As you’ll see, this sweet opportunity involves taking the ad-poster’s outline and . . . well, writing his/her novel, it appears. The successful candidate will have excellent grammatical skills, write quickly, and be able to make revisions quickly.
Okay, so it’s a ghostwriting gig. The person who posted this ad has an idea but isn’t good with words and just wants to pay someone to write it up. So let’s scroll down to the bottom where it mentions pay and see how much . . . Oh. Oh my. “Compensation: no pay.”
I won’t go on, because you probably get the picture. This crumb doesn’t mention anything about the successful applicant getting course credit, because he/she either doesn’t care or hasn’t thought that far ahead. What may be most audacious, though, is that applicants are asked to submit not only 1,000 words of writing but to spend additional time writing a 500-word statement asking for this person’s consideration. Does the poster think this is an attractive offer? Maybe he/she should mention literally any benefit the writing assistant(s) will derive from this arrangement.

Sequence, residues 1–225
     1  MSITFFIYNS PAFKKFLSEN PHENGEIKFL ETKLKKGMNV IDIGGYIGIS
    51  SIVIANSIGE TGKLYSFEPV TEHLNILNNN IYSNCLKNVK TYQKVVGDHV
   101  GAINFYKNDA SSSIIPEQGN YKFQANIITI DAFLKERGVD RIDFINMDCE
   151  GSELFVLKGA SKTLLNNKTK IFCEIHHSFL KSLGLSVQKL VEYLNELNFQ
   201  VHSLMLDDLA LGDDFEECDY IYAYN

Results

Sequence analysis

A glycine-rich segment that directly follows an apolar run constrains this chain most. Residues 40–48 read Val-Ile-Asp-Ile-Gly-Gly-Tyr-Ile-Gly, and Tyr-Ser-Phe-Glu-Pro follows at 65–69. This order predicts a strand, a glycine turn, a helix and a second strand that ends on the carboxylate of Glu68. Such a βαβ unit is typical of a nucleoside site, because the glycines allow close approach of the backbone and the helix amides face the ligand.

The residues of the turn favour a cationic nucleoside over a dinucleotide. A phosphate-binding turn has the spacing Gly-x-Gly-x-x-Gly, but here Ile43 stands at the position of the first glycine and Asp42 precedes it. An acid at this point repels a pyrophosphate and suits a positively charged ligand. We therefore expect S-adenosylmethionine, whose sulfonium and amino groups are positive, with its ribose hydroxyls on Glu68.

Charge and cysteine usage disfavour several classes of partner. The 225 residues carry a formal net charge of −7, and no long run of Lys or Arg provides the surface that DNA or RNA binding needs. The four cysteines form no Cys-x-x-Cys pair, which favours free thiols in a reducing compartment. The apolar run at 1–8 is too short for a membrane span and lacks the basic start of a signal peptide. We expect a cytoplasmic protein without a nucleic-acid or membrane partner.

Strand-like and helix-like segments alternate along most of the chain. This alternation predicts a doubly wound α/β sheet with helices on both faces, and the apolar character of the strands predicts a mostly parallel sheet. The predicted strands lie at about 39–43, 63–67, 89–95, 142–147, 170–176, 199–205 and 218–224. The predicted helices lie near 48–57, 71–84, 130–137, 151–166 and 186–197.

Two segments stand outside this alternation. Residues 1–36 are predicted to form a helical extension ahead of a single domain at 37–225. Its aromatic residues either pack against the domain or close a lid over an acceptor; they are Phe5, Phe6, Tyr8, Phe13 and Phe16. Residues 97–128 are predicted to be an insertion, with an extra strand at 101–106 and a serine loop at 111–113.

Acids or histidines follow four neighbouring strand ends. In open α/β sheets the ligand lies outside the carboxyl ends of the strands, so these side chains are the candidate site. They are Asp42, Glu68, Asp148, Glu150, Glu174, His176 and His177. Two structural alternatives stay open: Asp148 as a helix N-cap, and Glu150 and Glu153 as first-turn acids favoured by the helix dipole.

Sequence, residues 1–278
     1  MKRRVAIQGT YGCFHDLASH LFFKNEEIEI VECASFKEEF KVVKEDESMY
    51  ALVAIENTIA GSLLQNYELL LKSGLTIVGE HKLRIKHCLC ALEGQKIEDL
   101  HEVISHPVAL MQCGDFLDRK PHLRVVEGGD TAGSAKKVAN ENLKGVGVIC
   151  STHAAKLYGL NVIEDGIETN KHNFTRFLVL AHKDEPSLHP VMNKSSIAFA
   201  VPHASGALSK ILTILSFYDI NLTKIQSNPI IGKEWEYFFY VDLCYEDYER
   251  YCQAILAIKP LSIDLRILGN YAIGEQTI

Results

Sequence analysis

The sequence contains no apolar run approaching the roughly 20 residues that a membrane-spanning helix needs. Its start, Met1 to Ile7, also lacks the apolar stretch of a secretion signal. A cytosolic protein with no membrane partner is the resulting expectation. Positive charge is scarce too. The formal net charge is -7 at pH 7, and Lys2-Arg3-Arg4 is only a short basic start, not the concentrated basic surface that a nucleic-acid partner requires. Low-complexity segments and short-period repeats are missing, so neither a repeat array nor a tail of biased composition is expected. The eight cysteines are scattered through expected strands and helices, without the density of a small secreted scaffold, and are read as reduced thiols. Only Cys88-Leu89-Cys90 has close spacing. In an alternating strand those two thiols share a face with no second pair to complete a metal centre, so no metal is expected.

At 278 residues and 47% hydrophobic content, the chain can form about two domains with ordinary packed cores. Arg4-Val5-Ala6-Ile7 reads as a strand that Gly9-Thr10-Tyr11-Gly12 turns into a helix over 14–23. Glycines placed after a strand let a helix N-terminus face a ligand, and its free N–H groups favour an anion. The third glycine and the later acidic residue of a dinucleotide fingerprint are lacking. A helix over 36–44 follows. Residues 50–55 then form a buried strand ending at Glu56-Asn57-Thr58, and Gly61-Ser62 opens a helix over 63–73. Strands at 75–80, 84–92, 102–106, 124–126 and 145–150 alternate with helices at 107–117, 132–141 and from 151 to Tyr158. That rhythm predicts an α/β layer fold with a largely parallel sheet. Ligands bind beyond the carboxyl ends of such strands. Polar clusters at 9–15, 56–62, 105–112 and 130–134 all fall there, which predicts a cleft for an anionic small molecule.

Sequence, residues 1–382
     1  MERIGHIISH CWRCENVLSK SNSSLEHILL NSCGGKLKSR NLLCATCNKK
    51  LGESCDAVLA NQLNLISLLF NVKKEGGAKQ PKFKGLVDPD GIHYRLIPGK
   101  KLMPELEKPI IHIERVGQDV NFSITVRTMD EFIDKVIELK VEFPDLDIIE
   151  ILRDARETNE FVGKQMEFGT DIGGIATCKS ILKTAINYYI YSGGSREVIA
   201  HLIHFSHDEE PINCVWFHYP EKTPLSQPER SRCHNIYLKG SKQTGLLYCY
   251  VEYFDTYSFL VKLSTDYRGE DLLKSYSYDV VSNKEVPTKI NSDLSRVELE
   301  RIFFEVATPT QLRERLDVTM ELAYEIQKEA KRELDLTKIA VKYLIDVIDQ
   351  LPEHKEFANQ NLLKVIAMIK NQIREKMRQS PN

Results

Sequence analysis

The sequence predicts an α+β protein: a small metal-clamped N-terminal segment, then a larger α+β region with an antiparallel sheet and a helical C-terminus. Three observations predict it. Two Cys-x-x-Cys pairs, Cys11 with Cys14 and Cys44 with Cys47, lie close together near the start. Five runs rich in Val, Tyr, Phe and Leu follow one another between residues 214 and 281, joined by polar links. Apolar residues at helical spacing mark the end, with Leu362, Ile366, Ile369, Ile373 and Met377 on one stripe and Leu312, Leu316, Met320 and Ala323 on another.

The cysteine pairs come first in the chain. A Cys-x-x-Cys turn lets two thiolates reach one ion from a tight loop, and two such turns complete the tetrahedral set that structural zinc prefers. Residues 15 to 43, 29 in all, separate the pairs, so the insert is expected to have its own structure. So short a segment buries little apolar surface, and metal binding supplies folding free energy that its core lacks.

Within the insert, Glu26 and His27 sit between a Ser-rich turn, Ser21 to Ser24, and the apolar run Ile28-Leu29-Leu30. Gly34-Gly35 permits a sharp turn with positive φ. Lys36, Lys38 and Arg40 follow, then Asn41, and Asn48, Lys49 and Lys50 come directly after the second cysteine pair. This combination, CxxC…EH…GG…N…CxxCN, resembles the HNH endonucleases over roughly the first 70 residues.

My post about the ghostwriting gig was rather light-hearted, but this ad irked me so much I actually posted a response on CL. Was I too harsh? I don’t think so. It never fails to annoy me when I peruse CL or elance and see the rates people consider fair for writing (or editing or proofreading). I’m inclined to say that writing is not day labor, but that’s a faulty comparison because people have a better sense of the effort and skill involved in day labor. And I doubt you’d ever see someone get day laborers to build a patio or spread gravel around a driveway for no money by calling it an “internship.”
Update: Some time after I posted this, the person who posted the original, offending CL ad must have come to his/her senses (or, maybe, was adequately shamed by my response) and yanked the ad. So, you’ll have no luck following the link above. I imagine I’ve given a decent enough impression of the gist of the ad from the above takedown, however.